The Teacher of Symmetry: A Novel-Echo
Translated from a foreign tongue by Andrei Bitov, retranslated into English by Poly Gannon
Farrar, Straus and Giroux
352 pages, $26
By William L. Morris
NEWS BOOK REVIEWER
Novels fall infinitely through space and time, gradually accreting volume and mass until the great ones like “War and Peace” and “The Brothers Karamazov” become so heavy you can hardly pick them up.
If you believe that sort of stuff and nonsense, you’ll love this book.
Like his mentors, Nikolai Gogol, Laurence Sterne and Kurt Vonnegut, Andrei Bitov writes anti-literature. He takes it a step further and makes his narrators not only unreliable, but untalented as well.
To further complicate matters, Bitov takes his time to finish his novels. He claims he started this collection in 1971 and only completed it in 2007. And he doesn’t like to revise. But he loves to talk about how they came into being.
He claims he was in the Gulag somewhere working on a construction project. He wasn’t a prisoner but he might as well have been. Time was going slowly and all the books had been read except one he’d brought with him by chance, “The Teacher of Symmetry” written in English by A. Tired-Boffin in 1937. (Boffin is British slang for a geek, a behind-the-scenes worker who never does anything daring.) Bitov didn’t know English but that didn’t keep him from slowly – like Scheherazade, he says – translating pages every night for his co-workers to keep them from going crazy. When they were helicoptered out, he threw away the book.
Years later the book began to haunt him but he couldn’t find it so he decided to rewrite it from his vague (I’ll say!) memories of it. The best he can come up with is several novellas that aren’t related and a poem that is not revised. Yet lurking behind it is (he would have us believe) in pentimento the misunderstood novel he left in Siberia.
The first story is the rambling confession of the author’s protagonist, Urbino Vanoski (the devil in disguise), who has himself written a novel that has been discovered only after the author died. But he hasn’t died. The news of his death was premature.
The interviewer has little to say. The author, on the other hand, can’t stop talking. After a lifelong ménage a trois that includes his soul mate, in a kind of “Master and Margarita” relationship, and the illusory, fleeting image of Helen of Troy that he seeks in everyday life, he comes to regret – Faust-like – that he has wasted his life pretending to write when he could have simply lived. He’s got my vote.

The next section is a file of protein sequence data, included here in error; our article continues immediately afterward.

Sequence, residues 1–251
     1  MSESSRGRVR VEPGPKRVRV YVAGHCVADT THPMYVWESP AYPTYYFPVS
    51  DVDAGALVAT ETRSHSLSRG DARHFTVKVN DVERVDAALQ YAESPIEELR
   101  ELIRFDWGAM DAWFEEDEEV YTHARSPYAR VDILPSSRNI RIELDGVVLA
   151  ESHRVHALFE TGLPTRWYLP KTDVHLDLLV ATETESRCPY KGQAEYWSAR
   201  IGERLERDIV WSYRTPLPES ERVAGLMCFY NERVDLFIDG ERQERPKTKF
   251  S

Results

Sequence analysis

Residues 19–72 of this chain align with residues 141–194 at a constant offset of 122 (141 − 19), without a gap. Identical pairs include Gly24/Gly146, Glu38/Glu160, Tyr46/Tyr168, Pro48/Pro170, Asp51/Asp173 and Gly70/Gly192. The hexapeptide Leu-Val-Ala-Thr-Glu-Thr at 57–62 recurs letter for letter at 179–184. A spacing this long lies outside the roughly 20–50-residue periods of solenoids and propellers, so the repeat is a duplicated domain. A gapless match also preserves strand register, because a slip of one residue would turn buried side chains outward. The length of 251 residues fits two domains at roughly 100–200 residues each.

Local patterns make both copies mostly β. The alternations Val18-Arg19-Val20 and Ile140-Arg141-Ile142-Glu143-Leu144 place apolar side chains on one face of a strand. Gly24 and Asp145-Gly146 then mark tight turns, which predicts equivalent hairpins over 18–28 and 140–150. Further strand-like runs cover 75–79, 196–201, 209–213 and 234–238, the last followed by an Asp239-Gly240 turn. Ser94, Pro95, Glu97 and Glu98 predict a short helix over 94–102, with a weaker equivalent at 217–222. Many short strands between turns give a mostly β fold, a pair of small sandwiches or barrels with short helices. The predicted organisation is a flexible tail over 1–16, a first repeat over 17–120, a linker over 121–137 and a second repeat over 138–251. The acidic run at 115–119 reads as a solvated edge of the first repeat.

But that’s only the first part. There are, in fact, eight seemingly unrelated stories that the author claims are echoes of the missing work – palimpsests that the author says when laid on top of one another, like sheets of Mylar – equal what was lost.
What did we do to deserve this? When novelists first refused to join a tradition that had been perfected for 100 years, there was a temporary gush of creativity. Vonnegut’s narrators refusing to do what the novel form demands was fun for a while. The silence in Pinter’s plays was welcomed after Shaw’s endless stage essays. Philip Roth’s toilet training manual made ours seem a breeze by comparison. But now the postmodernist novelist refuses to do so many things it’s impossible for a reader to find a peg to hang his hat on.
This is why Borges kept his postmodernist stories short: if you drag them out the way Bitov does, there’s so much back-story the front one doesn’t work.
Even the translator can’t stand Bitov’s writing at times. Once she writes (Bah! – Trans.) after a phrase that she finds particularly obnoxious.
One of the stories, however, has possibilities. A group of bad writers form an anti-writing league where they celebrate their lack of progress. They set stern rules and invite bad writers to come and comment on their lack of progress. Bitov should have abandoned his palimpsest idea and made this story the container for all the others. But that would have meant revising (See above.)
Eventually these frustrated writers whose only commonality is their inability to finish anything give into the temptation of talking about what dilettantes always talk about – in Russia at least – Mozart and Salieri (See Osip Mandelstam about same).
That brings us back to the original scene where several bored men in Siberia listen to a man explain a book written in a language none of them understands. This is the state to which we have fallen – perfection found only in its most imperfect form.
But the perfect novel is still out there waiting to be written. Sometimes you get close like “The Great Gatsby.” Sometimes you get far away like this book, but it’s still out there shimmering in the distance.
William L. Morris was the co-creator of the News poetry pages and is a lifelong student of Russian literature. He now lives and writes in Florida.